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Macro Level: A Global Economy and The World Around Us

It’s obvious now that social media is changing our habits, how we spend, the wealth distribution in our society and how we perform at work. When we multiply all these little decisions and impacts across the world then we have huge changes underway. Influencers don’t just sway how we shop or what experiences we look for, they actually influence innovation and the flow of capital.

Many of us won’t use our phones for anything other than phone calls, messages, emails, and social media (that includes YouTube). The demand for mobile phones and internet enabled technology driven by the scale of these platforms has shaped multi-billion-dollar investments in lithium, mining, manufacturing and retail.

Deloitte claims that Facebook alone has created almost 5 million jobs around the world in development, marketing, advertising etc. However, what Deloitte fails to explain is that there’re also millions of jobs that have been displaced or lost by the rise of these platforms and in the process of creative destruction we’ve become more efficient at reaching our audiences. Yes, influencers are employing photographers, editors, make-up artists and the rest, but 96% of YouTubers don’t make enough annual revenue to reach the US federal poverty line.

Although influencers are generating huge incomes in advertising revenue almost 2/3 business have experienced influencer fraud and 52% of millennials don’t trust influencers anymore. The hyper-commercialisation of social media makes the platforms highly extractive and reduces the genuine experience or connection user are looking for. They extract wealth from the user base to consolidate it among investors and influencers.

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The addictive nature of phones and social media are having terrible effects on our youth.

Suicide rates among 10–14 year olds are up 13% since 2007 and former Facebook employees liken the business to Big Tobacco. What’s scarier is that these are kids, the youth of today that are being harmed. They hold the world in their hands and the future is there’s to own. From a humanitarian perspective this is devastating.

From an economic viewpoint these platforms are destroying innovation, ideas, future productivity and creation.

There’s also the consumerism, manufacturing and waste that goes alongside the increased prevalence of social media. The more we buy to keep up with our friends and trends the more that needs to be produced and eventually disposed of.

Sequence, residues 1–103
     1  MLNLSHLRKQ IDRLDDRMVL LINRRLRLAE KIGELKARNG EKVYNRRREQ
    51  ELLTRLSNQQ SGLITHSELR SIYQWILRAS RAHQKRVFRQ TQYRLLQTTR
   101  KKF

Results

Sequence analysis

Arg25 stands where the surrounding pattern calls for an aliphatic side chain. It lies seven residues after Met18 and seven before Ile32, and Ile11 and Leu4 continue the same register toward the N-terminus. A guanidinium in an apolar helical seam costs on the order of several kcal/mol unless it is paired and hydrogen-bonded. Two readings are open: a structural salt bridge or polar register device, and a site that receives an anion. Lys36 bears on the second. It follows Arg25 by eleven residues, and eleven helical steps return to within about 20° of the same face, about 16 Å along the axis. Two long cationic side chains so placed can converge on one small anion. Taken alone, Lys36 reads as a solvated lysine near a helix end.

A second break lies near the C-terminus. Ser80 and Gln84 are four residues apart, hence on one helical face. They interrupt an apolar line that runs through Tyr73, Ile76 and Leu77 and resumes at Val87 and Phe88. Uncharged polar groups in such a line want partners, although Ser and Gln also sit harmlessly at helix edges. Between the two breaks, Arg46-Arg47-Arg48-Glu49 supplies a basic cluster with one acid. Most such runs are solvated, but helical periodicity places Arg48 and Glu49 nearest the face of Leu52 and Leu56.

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The challenge we are all faced with is how do we make our social platforms social. How do we make them a positive influence on our lives and the lives of others? It’s not the platforms or the technology that’s creating and consuming the content — it’s us. As my nano-influencer friend will now tell you it’s about minimising your attachment to your phone, connecting with content that means something to you and enriches your life or gives you a feeling of joy. If you’re competing with another person you’ve never met, or worried about what they think of you then ask yourself — would you let this person in your home? If you wouldn’t let them in your house then why are you letting them in your head.

I hope you’ve found this article insightful and interesting. In the highly secretive world of social media gathering the data and insights to write this article was a challenge. Here’s Simon Sinek in an informative and humorous 4min video on the addictive nature of social media and technology.

Sources

Wink Models, Vox, Elsevier, Business of Apps, NBC News, NCBI, CNN, Influencer Marketing Hub, Viral Nation, The National News, Inside Higher Ed, DOI, The Guardian, Charles Schwab, Allianz Insurance, Fast Company

If you have any questions then please feel free to comment, and if there is anything you’d like to see analysis on or read about in the future then let me know.

Also, please note that this article does not represent financial advice or the views of any organization; it is only the opinion and analysis of the writer.

Thank you for reading.

Yours,
Chris Leeson

Bringing finance and economics to you with a focus on in-depth analysis and everyday life.